Our own correspondent

    Old Mosul of Iraq
    © Photographer RM/Shutterstock.com

    Journalist Lorraine Mallinder has travelled all over the world reporting on stories as diverseunterschiedlichdiverse as Hungarian rap music, civil warBürgerkriegcivil war in Cameroon and making maple syrupAhornsirupmaple syrup in Canada. Recently, she travelled to Iraq to research topics for the BBC and The Irish Times. While there, Lorraine recorded her experiences for Spotlight in the form of a logProtokolllog.

    Here you can listen to all six entries using the audio players below. Underneath each entry, you can open the transcript and will find glossed words to help you understand the text.


    Day one

    Day one in the city of Erbil, in the Kurdistan region of Iraq

    Hello, and welcome to the first instalmenterste Folgefirst instalment of my reporting log. So, I got here yesterday and I’m still getting acclimatized. It’s been in the mid-40s all day, a very dry heat. And, I have to say, looking out my hotel window right now, the functional concreteBetonconcrete buildings that are typical in this part of the world all look kind of parchedausgedörrt, staubtrockenparched. There’s a guy outside selling rows of chickens roasting on a multi-layered spithier: Bratspießspit, the flames glowing orange – yet he seems as cool as a cool as a cucumbervöllig ungerührt, seelenruhigcucumber!

    Lorraine Mallinder

    The guy in the hotel lobby said that a couple of weeks back, it was in the 50s. So, Iraq, Kurdistan, like a lot of countries we’ve been seeing in the news, is having a very long, hot summer. There’s a real water shortage here, too, and lots of power cut (UK)Stromausfall, Strom­abschaltungpower cuts owing to sth.aufgrund von etw.owing to the intense heat.

    So, what have I been up to today? It’s mainly been a day of research, calling contacts, drinking lots of tea in the hotel lobby. There’s this stereotype of the foreign reporter who goes to cover conflicts in faraway places, but never really to venturewagen, sich trauenventures beyond the hotel lobby, which does come to mind here. But seriously, I’ve to bump into sb.jmdm. zufällig begegnenbumped into some really interesting characters in the lobby of this particular hotel, who’ve given me some really invaluable tips for stories.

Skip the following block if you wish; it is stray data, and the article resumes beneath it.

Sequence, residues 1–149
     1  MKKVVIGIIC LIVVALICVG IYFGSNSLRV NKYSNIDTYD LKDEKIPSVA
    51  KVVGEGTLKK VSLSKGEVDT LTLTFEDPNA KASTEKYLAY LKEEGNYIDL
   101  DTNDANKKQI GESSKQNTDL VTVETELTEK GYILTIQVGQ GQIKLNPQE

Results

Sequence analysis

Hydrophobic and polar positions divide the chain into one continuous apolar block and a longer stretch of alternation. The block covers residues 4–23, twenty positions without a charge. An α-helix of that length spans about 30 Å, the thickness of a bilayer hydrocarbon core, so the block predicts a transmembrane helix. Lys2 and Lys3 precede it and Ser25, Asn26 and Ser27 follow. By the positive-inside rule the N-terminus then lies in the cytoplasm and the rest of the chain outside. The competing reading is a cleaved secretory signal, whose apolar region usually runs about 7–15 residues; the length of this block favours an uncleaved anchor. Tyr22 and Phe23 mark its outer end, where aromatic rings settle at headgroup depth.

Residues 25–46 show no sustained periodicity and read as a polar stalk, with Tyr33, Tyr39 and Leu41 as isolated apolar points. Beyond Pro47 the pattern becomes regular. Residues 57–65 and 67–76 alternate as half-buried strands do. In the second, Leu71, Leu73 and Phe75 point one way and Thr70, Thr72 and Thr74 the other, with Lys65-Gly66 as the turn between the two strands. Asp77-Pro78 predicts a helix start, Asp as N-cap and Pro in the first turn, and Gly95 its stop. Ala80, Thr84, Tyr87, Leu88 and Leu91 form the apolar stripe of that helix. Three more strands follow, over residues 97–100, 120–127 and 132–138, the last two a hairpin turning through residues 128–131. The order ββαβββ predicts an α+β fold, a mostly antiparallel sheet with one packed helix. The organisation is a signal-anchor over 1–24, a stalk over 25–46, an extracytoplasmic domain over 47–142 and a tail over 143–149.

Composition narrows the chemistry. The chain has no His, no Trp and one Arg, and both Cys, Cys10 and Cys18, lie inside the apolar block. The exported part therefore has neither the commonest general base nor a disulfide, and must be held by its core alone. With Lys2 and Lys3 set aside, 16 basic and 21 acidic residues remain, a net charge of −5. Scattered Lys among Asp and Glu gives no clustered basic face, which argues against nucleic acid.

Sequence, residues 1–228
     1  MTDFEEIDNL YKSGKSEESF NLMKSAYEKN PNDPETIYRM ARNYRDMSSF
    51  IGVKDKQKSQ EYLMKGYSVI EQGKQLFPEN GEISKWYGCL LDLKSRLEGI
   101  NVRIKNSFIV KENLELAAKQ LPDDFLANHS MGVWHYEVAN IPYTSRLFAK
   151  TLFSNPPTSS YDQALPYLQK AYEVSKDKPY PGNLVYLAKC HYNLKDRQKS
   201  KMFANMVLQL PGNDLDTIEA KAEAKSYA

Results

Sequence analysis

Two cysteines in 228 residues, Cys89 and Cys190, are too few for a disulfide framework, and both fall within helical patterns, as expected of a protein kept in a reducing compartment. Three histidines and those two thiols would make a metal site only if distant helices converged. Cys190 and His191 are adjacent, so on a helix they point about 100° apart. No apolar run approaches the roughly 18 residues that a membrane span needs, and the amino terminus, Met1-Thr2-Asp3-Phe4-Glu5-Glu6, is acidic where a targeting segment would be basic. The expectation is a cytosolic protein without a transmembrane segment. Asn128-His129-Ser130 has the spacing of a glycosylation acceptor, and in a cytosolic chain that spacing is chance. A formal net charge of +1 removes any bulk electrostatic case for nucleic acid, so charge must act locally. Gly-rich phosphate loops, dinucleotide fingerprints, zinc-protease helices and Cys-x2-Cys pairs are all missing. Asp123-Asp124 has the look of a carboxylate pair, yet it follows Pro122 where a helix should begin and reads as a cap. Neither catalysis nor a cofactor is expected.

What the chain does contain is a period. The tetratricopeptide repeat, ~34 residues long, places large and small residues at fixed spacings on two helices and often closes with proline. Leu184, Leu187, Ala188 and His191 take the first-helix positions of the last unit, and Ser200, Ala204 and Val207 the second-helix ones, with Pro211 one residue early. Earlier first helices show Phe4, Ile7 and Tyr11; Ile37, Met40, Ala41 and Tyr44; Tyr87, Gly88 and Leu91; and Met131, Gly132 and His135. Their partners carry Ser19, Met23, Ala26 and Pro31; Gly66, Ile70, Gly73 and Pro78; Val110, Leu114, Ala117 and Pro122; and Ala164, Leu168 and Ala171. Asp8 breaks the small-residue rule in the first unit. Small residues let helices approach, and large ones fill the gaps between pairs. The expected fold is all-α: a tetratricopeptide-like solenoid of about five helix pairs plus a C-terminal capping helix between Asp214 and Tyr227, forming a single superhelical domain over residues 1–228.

Like last year, for example. I was here in February, planning a trip to Mosul, which is Iraq’s second-largest city. Islamic State were here between 2014 and 2017. And I wanted to go and see how people were dealing with the aftermathFolgenaftermath. It was a fairly risky trip, partly because of all the militias in the city. But I’d organized everything beforehand with an NGO – that’s a group doing aid work there – who were going to get me in the city and put me up in their safe house. However, on the day before the big trip, they to pull outeinen Rückzieher machenpulled out, leaving me in the to leave sb. in the lurchjmdn. im Regen stehen lassenlurch. I was kind of gutted (UK, ifml.)sehr enttäuschtgutted because it had [basically] been the main purpose of the visit. However, later that day, I bumped into someone in the hotel lobby, the famous hotel lobby: an Iraqi American businessman who was setting up a business in Mosul and offered to get me in.

    “You’re gonna love it, Loreen,” he kept saying to me, as if we were going on a trip to Disneyland.

    It turned out to be a great trip, producing some stories for the BBC and The Irish Times.

    Anyway, that was back in February last year. And I haven’t been anywhere since. Because, well, like everyone else, I’ve been in lockdown land. So, this is my first foreign reporting trip in what feels like ages. I’d be lying if I said I don’t feel some trepidationBeklemmung, Angsttrepidation. I feel a little bit out of practice.

    There’s a definite knackTalent, Fertigkeit, Trickknack to foreign reporting. You arrive in a faraway place and you have to find your to find one’s bearingssich zurechtfindenbearings very quickly. Your eyes need to be wide open. You’re gathering a lot of information in a very short period of time. Communication is sometimes an issue. In Mosul, I’d found a very eruditegebildeterudite university professor whose translations had a real sense of nuance. Generally, with interpreterDolmetscher(in)interpreters, I to tone downabschwächentone down my Scottish accent and often end up repeating questions in different ways to get to the heart of the matter.